Turkey’s current account stays in deficit for 10th consecutive month
Pressure on Turkey’s economy continued as the current account deficit stayed on for the 10th consecutive month mainly due to a hit from a global rally in energy prices, reviving gold imports, and domestic demand-driven factors.
The shortfall in August turned out to be US$-3.1bn, broadly in line with the market consensus, and led to further widening in the twelf month figure to $40.9bn, the highest since the 2018 financial volatility, Turkey’s central bank said on Tuesday.
The key drivers on the monthly increase were the continuation of higher net energy imports, which almost doubled in comparison to the same month of last year, the significant acceleration in net gold imports to $2.2bn from a mere $0.2bn a year ago, and the turning of the core trade balance (excluding gold and energy) to deficit this year from a surplus.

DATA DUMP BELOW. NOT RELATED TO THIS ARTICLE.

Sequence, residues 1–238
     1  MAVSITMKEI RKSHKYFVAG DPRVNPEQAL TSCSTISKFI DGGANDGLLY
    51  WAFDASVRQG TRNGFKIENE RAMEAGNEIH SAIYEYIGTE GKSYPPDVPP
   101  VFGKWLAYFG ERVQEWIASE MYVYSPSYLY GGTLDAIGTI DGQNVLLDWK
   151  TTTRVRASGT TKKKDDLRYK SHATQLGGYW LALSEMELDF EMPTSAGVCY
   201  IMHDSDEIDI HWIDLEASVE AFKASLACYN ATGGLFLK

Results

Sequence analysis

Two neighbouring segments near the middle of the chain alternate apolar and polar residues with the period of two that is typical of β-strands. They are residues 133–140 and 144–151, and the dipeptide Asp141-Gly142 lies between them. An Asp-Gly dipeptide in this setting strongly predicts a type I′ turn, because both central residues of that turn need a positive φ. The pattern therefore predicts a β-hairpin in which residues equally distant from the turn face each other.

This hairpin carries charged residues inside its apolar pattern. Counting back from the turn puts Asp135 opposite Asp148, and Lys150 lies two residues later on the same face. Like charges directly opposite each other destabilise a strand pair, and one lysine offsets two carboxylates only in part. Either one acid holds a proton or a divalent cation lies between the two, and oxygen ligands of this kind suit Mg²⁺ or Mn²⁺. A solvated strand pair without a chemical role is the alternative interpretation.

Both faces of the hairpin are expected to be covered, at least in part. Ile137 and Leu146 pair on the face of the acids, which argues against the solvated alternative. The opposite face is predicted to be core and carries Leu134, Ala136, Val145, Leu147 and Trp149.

Tourism revenue was $5.1 billion, with services posting a surplus of $7.2 billion. Foreign tourist arrivals rose by an annual 58% in August, according to a separate data release.
The current account gave a surplus of 6 billion 276 million dollars when gold and energy imports were excluded.
Official reserves rose by $10.8 billion in August. Russia is a likely source of funding, with Turkish officials telling that Russia’s Rosatom Corp. was in the process of transferring $15 billion to a local subsidiary building the $20 billion Akkuyu nuclear plant on the Mediterranean coast.
The central bank will chair its next rate-setting meeting on Oct. 20, and publish the final inflation report of this year a week later. The bank has cut its benchmark interest rate by a cumulative 200 basis points in the last two months, citing a slowdown in economic activity.